Skip to Main Content
Have library access? Log in through your library
Against the Grain

Against the Grain: Jewish Intellectuals in Hard Times

Ezra Mendelsohn
Stefani Hoffman
Richard I. Cohen
Copyright Date: 2014
Edition: 1
Published by: Berghahn Books
Pages: 320
  • Cite this Item
  • Book Info
    Against the Grain
    Book Description:

    Highlighting the seminal role of German Jewish intellectuals and ideologues in forming and transforming the modern Jewish world, this volume analyzes the political roads taken by German Jewish thinkers; the impact of the Holocaust on the Central and East European Jewish intelligentsia; and the conundrum of modern Jewish identity. Several of German Jewry's most outstanding figures such as Scholem, Strauss, and Kohn are discussed. Inspired by Steven E. Aschheim's work, several contributors focus on the fraught relationship between German and East European Jews (the so-calledOstjuden) and between German Jews and their non-Jewish neighbors. More generally, this book examines how Central European Jewish thinkers reacted to the terrible crises of the twentieth century-to war, genocide, and the existential threat to the very existence of the Jewish people. It is essential reading for those interested in the triumphs and tragedies of modern European Jewry.

    eISBN: 978-1-78238-003-0
    Subjects: History

Table of Contents

Export Selected Citations Export to NoodleTools Export to RefWorks Export to EasyBib Export a RIS file (For EndNote, ProCite, Reference Manager, Zotero, Mendeley...) Export a Text file (For BibTex)
  1. Front Matter
    (pp. i-vi)
  2. Table of Contents
    (pp. vii-x)
  3. Acknowledgments
    (pp. xi-xii)
  4. Editors’ Note
    (pp. xiii-xiv)
  5. Introduction Reading Steven Aschheim
    (pp. 1-14)
    Ezra Mendelsohn

    Steven Aschheim, the scholar and teacher whose work this book honors, is a cultural and intellectual historian with a special interest in German-speaking Europe. He is a member of the History Department at the Hebrew University of Jerusalem, which, unlike universities outside of Israel, maintains two separate history departments—one for general (that is, Gentile) history, the other for Jewish history. Ironically enough, many members of the General History Department also work on Jewish subjects, and Aschheim is one of them. In fact, he has conducted most of his research in the Jewish field, more specifically modern Jewish cultural and...

  6. Part I. Strauss, Scholem, Arendt, Benjamin

    • Chapter 1 A Zionist Critique of Jewish Politics: The Early Thought of Leo Strauss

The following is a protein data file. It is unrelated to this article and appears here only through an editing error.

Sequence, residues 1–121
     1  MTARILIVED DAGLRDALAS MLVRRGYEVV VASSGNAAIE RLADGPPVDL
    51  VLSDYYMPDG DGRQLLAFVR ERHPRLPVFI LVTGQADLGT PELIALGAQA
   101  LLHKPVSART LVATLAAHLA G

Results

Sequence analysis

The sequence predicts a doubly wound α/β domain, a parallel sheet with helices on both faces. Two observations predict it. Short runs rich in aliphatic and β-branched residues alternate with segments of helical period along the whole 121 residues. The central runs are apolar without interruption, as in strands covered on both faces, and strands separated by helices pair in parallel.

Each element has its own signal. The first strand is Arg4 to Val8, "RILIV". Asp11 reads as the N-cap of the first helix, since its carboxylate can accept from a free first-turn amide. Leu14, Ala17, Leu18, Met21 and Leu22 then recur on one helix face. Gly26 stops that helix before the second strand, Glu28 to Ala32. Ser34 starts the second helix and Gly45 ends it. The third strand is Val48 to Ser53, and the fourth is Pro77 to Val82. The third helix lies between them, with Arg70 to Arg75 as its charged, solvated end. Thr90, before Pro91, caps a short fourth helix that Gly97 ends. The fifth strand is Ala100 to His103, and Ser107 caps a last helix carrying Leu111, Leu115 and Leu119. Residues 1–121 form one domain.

(pp. 17-31)
      Jerry Z. Muller

      InBeyond the Border: The German-Jewish Legacy Abroad, Steven Aschheim notes: “The Zionist engagement of so many German-Jewish intellectuals who were later to achieve international fame, the creative energies it inspired, is rather astonishing and a tale that awaits its historian . . .”¹ This chapter, which examines the role of Zionist engagement in the early thought of Leo Strauss, is a contribution to that astonishing tale. Strauss famously suggested that in reading the work of a thinker of the past, we should do so without preconceived notions. This chapter is based on the assumption that the younger Strauss might...

    • Chapter 2 Leo Strauss Reading Karl Marx during the Cold War
      (pp. 32-50)
      Adi Armon

      In 1962, Leo Strauss gave his characterization of both Karl Marx and Friedrich Nietzsche, defining the latter as “the step-grandfather of fascism” and the former as “the father of communism”:

      Karl Marx, the father of communism, and Friedrich Nietzsche, the step-grandfather of fascism, were liberally educated on a level to which we cannot even hope to aspire. But perhaps one can say that their grandiose failures make it easier for us who have experienced those failures to understand again the old saying that wisdom cannot be separated from moderation and hence to understand that wisdom requires unhesitating loyalty to a...

    • Chapter 3 Gershom Scholem, Einst und Jetzt: Zionist Politics and Kabbalistic Historiography
      (pp. 51-63)
      David Biale

      In a birthday greeting to his son Gerhard, written on 12 March 1921, Arthur Scholem says of the younger Scholem’s work on Kabbalah, the first fruits of which had just appeared in Martin Buber’sDer Jude: “It’s a pity that all this scholarship should have been used so idly, and a double pity that such productive powers and intellectual labor should have been expended so uselessly. . . . Three cheers for Hebraica and Jewish studies—but not as a career. Take my word for it: if you don’t change course you will experience a bitter shipwreck. . . .”¹...

    • Chapter 4 Death or Birth: Scholem and Secularization
      (pp. 64-85)
      Zohar Maor